I have a dilemma. Last week I have received my manuscript from the proof-reader. There were a lot of changes, especially in punctuation and grammar. She did say that it was more than she would have expected, so you can imagine my concern.
Anyway, I got to work reviewing and accepting changes. Then, at about a half-way mark, I finally had to admit that “something ain’t right”. Specifically, the following two types of changes appeared over and over:
1. Adding a comma before “and” in a simple sentence, such as “Blah, blah,” he said, and offered his hand.
2. Past perfect everywhere, such as “I had never even heard of it before”.
I have googled the bejesus out of these two points and found that:
1. No comma. The only way a comma would be appropriate, if it was an independent clause, such as:”Blah, blah,” he said, and then he offered his hand. Note that there are two subjects, “he” and then “he” again.
2. It should be “have”, because while she’s never heard of it before, she’s heard of it now, as in “I’ve never even heard of it before”.
Still, I was not sure. After all, I’m Russian and the proofreader is educated and may I mention, being paid for this. I have emailed the proofreader. No answer. I finally got her on the phone. After I finished describing the point 1, I asked what rule dictates the comma. The answer? “No rule”.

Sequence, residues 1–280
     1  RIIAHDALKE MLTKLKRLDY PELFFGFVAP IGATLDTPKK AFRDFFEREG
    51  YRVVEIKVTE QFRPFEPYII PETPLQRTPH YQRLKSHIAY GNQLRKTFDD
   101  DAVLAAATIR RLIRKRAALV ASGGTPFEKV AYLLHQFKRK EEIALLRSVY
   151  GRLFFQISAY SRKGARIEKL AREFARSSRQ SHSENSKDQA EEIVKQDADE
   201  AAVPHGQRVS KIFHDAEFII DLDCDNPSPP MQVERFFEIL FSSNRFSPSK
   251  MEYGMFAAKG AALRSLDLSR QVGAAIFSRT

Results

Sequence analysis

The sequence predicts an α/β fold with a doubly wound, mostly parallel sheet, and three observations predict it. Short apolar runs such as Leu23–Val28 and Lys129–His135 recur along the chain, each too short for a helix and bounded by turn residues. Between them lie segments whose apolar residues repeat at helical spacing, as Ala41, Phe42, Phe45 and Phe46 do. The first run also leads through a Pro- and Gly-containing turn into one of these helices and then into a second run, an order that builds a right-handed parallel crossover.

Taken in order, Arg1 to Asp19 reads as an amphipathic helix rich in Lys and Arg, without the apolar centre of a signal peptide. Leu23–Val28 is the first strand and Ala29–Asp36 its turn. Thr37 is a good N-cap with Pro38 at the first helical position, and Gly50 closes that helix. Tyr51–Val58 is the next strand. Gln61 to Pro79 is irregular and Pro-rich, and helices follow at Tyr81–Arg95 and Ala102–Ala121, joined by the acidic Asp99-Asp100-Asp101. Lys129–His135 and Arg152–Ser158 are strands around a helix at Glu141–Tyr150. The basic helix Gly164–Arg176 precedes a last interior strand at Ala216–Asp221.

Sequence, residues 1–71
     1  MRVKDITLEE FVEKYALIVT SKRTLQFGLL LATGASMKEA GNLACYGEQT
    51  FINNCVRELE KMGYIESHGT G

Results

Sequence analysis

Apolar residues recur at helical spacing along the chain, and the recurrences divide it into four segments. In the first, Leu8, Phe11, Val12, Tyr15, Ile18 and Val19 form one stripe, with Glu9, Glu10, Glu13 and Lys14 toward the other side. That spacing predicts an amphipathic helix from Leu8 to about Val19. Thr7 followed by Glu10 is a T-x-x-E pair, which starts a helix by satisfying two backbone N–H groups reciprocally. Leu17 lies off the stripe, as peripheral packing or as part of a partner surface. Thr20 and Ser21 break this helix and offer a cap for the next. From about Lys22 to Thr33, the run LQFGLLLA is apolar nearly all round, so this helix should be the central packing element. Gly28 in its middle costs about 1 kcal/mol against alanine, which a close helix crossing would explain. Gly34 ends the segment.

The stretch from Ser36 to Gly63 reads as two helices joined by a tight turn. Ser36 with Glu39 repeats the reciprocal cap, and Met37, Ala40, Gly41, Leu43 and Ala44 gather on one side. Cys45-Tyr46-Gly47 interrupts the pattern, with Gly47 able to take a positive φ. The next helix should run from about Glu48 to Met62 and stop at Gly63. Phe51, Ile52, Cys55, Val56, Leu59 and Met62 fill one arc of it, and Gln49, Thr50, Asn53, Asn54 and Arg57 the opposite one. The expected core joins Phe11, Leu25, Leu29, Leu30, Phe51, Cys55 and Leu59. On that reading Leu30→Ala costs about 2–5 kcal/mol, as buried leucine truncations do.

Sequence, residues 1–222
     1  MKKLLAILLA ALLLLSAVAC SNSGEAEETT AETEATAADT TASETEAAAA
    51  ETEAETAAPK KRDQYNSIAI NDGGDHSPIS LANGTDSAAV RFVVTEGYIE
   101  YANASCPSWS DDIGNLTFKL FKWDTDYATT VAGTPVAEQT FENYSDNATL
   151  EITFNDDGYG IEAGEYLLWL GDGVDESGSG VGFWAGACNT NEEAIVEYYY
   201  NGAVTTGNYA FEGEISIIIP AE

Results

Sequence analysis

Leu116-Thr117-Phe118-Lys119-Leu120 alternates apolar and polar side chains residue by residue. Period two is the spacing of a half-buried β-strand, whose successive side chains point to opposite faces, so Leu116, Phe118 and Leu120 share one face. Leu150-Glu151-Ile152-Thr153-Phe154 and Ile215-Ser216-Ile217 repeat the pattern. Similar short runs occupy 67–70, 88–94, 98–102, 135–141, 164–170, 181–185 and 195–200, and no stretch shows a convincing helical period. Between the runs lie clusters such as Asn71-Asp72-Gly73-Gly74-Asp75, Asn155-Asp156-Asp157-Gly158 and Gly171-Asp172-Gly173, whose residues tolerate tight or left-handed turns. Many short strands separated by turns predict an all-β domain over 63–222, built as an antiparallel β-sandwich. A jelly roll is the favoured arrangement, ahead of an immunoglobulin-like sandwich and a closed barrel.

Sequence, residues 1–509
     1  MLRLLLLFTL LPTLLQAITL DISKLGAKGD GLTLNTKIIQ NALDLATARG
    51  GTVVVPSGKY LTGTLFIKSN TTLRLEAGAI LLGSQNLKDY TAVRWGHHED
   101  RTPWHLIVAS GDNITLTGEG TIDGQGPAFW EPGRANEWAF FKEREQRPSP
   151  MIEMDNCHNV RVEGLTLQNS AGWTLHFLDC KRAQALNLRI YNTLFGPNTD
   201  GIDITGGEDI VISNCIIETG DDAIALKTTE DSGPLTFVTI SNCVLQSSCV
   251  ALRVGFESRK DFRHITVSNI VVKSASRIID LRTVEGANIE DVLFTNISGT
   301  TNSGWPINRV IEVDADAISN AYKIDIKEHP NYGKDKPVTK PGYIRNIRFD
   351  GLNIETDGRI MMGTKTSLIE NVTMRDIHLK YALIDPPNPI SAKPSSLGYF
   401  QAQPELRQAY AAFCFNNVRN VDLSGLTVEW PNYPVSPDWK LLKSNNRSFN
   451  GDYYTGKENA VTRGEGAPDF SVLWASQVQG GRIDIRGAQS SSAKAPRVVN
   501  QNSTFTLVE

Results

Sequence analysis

“Then why is it there?” I asked.
“There’s a pause there, so it felt natural to add a comma,” she said.
I was flabbergasted. I am not paying for an opinion, I’m paying for expertise.
“The manuscript seems overpunctuated,” I said.
“You don’t have to use it,” she said, cool as a cucumber.
I was so shocked that I forgot to bring up point #2 and got off the phone. I feel like a deflated baloon, not even sure if there are other changes she’s suggested based on how it feels, rather than the grammar rules. I’m not sure what I should do. The way I see it, I have two options:
1. Pay her and forget about it, instead starting from the beginning and going through the manuscript and suggested changes myself, researching each questionable point. Pros: one hell of an English lesson I’ll never forget. Cons: hella pissed off about paying someone to confuse me.
2. Send it back to her and tell her to re-do using English rules and not opinions, if she wants me to pay the full price, or negotiate a discounted price to finish it myself.
My sweet and kind partner thinks I should not fight her. My feisty sister’s advice is “it’s on!”. What do you think?